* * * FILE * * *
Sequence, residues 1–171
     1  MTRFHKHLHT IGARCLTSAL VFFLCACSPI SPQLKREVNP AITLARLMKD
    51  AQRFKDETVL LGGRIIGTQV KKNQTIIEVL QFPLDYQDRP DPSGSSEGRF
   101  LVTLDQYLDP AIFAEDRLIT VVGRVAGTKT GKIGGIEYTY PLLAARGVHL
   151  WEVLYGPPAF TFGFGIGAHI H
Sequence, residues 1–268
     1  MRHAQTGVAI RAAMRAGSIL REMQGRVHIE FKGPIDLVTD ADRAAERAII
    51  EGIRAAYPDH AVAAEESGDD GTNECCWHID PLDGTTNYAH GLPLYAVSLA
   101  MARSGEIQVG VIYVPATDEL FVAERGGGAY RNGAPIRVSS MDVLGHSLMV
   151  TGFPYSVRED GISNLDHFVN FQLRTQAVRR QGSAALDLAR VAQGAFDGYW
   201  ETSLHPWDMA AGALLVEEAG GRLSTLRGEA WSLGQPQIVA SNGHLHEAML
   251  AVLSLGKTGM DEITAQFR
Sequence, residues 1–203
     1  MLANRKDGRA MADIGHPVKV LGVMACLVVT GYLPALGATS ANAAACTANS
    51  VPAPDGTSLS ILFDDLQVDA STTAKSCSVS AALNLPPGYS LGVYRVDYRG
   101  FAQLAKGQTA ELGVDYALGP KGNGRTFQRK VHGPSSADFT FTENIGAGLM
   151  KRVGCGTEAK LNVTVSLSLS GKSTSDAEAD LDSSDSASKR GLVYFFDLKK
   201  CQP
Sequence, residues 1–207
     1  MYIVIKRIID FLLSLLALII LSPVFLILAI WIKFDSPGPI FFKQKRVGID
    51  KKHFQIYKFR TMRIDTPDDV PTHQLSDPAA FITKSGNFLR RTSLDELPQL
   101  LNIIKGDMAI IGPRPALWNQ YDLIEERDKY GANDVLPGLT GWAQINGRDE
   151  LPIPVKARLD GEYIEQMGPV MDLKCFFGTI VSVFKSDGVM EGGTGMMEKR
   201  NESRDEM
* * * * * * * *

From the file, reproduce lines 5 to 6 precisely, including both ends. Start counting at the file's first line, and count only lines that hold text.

   151  WEVLYGPPAF TFGFGIGAHI H
Sequence, residues 1–268